Controlling the Spread of Invasive Aquatic Species with the Ballast Water Management Convention

Ballast water is the marine or fresh water taken into the ballast tank of a ship to improve the vessel’s stability, buoyancy and maneuverability. Unfortunately, the process of adding and subtracting ballast water, so vital to a ship’s operation, can have unintended consequences for aquatic ecosystems.

Ballast water may include aquatic life forms native to the ecosystem of the water “take in” point, but foreign to the ecosystem of the water “release” point. This watery exchange can promote the spread of invasive aquatic species, a global environmental issue that is the subject of the Ballast Water Management Convention. The Convention requires participating nations to have a ballast water management plan to help avoid disrupting native ecosystems with invasive aquatic species.

Ballast Water Release

Many Years in Development

The new Convention is an initiative of the International Maritime Organization (IMO), a specialized agency of the United Nations. The Convention was adopted in 2004, but did not “come into force” until September 8, 2017, “twelve months after the date on which not less than 30 ‘states’ [a state is a nation in ‘UN speak’] with combined merchant fleets of not less than 35% of the gross tonnage of the world’s merchant shipping have signed it,” according to the official convention language. Although a ballast water management plan is a requirement for those nations that have ratified the Convention, many ships from both ratifying and non-ratifying nations already implement ballast water management plans.

Rooting out Aquatic Stowaways

There are two ballast water management tools through which the maritime industry can be regulated. The first is through the Ballast Water Exchange Standard, which requires ships to exchange a minimum of 95% ballast water volume at least 50 nautical miles from the nearest shore and in waters of 200 meters depth or more. This helps prevent invasive species spread in coastal and shallow waters that may be most vulnerable to the problem.

Zebra mussels are freshwater mussels originally indigenous to lakes and rivers of Russia and Ukraine; they are now thriving in numerous bodies of fresh water worldwide. Their dense growth blocks pipelines and clogs water intakes, among other detrimental effects.

The second tool, the Ballast Water Performance Standard, involves meeting limits for aquatic organisms, including Vibrio cholera and E. coliin the ballast water. These water quality limits may be achieved through physical and/or chemical treatment methods. Among physical treatment methods are filtration, heat and UV radiation. The most common chemical methods used are chlorine-based disinfectants, such as chlorine bleach (a solution of sodium hypochlorite and water). Other chemical methods include ozone, peracetic acid and chlorine dioxide.1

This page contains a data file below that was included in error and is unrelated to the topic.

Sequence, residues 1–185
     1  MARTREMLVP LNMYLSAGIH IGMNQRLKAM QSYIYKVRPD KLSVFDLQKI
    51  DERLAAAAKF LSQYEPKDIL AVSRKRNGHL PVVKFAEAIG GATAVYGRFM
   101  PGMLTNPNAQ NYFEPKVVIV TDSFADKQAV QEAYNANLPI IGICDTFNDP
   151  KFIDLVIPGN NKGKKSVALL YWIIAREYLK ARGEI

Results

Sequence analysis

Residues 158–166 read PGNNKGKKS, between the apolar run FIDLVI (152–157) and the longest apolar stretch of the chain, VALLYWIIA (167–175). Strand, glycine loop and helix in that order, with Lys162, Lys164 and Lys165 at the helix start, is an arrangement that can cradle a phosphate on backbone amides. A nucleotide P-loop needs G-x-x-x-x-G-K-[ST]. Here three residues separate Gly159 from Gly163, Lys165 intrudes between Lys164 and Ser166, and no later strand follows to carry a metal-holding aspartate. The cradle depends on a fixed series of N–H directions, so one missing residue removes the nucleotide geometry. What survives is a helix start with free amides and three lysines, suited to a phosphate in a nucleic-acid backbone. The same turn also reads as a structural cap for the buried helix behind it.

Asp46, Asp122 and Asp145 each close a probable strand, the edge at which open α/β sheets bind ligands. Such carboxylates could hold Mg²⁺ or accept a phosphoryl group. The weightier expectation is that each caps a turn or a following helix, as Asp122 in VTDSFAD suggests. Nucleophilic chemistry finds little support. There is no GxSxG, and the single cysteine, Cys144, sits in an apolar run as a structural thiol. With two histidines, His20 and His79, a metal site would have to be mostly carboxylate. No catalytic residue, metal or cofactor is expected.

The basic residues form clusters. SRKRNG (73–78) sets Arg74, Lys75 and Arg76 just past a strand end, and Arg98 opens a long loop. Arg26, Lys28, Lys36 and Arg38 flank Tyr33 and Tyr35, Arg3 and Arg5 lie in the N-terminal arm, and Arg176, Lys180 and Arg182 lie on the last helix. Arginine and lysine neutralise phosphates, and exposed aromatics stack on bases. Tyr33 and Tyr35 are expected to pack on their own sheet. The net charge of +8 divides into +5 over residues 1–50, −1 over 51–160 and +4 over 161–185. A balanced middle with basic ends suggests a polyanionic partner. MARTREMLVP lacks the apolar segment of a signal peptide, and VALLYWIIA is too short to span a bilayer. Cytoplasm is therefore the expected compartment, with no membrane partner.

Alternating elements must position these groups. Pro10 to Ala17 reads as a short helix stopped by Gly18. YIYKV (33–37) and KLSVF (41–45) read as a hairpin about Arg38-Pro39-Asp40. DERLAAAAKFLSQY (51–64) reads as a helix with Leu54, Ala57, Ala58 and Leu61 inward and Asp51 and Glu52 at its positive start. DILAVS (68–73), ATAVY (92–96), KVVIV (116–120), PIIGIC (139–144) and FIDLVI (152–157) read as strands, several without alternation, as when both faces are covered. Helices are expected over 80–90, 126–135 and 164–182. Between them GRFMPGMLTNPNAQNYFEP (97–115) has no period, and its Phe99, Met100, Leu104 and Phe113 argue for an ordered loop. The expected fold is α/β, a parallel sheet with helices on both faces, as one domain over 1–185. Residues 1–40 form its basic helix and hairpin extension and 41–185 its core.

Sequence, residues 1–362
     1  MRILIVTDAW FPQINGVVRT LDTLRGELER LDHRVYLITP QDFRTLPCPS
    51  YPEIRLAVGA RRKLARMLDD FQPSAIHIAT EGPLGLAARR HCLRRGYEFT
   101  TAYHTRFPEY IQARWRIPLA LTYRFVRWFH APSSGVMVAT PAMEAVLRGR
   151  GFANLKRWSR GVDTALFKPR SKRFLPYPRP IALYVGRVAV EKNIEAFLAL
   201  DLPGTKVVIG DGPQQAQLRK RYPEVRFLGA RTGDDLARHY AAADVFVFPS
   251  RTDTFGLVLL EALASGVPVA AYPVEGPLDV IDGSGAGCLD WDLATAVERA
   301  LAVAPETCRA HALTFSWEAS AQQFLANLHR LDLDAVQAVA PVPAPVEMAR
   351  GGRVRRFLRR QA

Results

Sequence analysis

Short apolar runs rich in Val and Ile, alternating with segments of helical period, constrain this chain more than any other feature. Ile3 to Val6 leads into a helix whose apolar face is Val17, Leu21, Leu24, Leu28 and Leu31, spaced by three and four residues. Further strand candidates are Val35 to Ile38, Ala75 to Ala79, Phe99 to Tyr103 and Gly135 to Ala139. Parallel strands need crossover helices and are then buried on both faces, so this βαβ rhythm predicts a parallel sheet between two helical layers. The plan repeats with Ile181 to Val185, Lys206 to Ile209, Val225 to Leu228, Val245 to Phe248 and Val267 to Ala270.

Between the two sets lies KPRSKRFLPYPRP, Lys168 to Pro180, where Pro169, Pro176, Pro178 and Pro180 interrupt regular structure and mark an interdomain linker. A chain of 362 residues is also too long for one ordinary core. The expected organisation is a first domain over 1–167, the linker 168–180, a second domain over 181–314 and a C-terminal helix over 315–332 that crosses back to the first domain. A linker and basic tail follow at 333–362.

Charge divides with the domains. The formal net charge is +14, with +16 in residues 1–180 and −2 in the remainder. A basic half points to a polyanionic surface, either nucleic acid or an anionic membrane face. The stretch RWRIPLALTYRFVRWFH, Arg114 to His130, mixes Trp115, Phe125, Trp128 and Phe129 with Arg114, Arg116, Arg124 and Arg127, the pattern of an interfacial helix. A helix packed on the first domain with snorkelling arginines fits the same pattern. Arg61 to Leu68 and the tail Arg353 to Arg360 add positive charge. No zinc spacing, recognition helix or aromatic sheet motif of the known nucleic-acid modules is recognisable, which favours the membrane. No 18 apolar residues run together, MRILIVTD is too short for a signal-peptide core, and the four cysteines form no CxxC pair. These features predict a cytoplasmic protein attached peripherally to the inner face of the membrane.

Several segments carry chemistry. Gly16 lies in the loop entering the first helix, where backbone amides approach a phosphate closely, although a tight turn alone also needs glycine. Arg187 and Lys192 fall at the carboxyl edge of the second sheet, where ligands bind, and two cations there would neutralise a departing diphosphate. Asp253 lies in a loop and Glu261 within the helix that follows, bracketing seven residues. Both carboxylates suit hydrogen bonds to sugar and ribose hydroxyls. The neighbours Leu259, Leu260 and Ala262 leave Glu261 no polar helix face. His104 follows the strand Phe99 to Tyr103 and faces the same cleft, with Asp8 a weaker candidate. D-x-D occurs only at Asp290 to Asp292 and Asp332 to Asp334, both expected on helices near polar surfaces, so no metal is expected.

Weighing the Risk of Disinfection Byproducts

Some concern has been expressed over the unintentional production of disinfection by-products (DBPs) from ballast water treatment and the potential health and environmental effects on aquatic life of DBPs in released ballast water. DBPs are unwanted products of the chemical reaction between disinfectants and organic matter in water. To avoid the potential human health effects from exposure to DBPs in municipal chlorinated drinking water, for example, the US Environmental Protection Agency regulates the most common DBPs to levels based on the best available science, incorporating a margin of safety. In weighing the risks of exposure to DBPs in drinking water, versus not disinfecting water appropriately, the World Health Organization notes:

“In attempting to control DBP concentrations, it is of paramount importance that the efficiency of disinfection is not compromised and that a suitable residual level of disinfectant is maintained throughout the distribution system.”2

Similarly, if we wish to control the spread of aquatic invasive species, we must evaluate a risk versus risk scenario in which we ask: Is it better to disinfect ballast water (to help prevent the spread of invasive species) or not disinfect ballast water (for fear of DBPs entering the aquatic environment)? This is the type of evaluation we perform when we decide, for example, whether it is better to get the annual flu shot (to help avoid the flu) versus not getting the flu shot (for fear of potentially rare side effects). Whereas most DBP research to date has been focused on drinking water, further work is needed to identify and evaluate the toxicity to marine life of DBPs produced and released in ballast water, especially marine ballast water.

According to the IMO, over 90% of the world’s trade is carried by sea because it is “the most cost-effective way to move en masse goods and raw materials around the world.” We think the entry into force of the Ballast Water Management Convention is a giant step in the right direction toward curtailing the unintended but potentially harmful spread of aquatic invasive species.


Chris Wiant, M.P.H, Ph.D., is president and CEO of the Caring for Colorado Foundation. He is also chair of the Water Quality & Health Council and a member of the National Drinking Water Advisory Council.

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1Werschkun, B. et al. (2014). Emerging risks from ballast water treatment: The run-up to the International Ballast Water Management Convention. Chemosphere, v. 112, Oct. 2014, pp. 258-266. On line, available:

2WHO (2011). Guidelines for Drinking-water Quality, 4th Edition, WHO Press: Geneva, Switzerland. On line, available: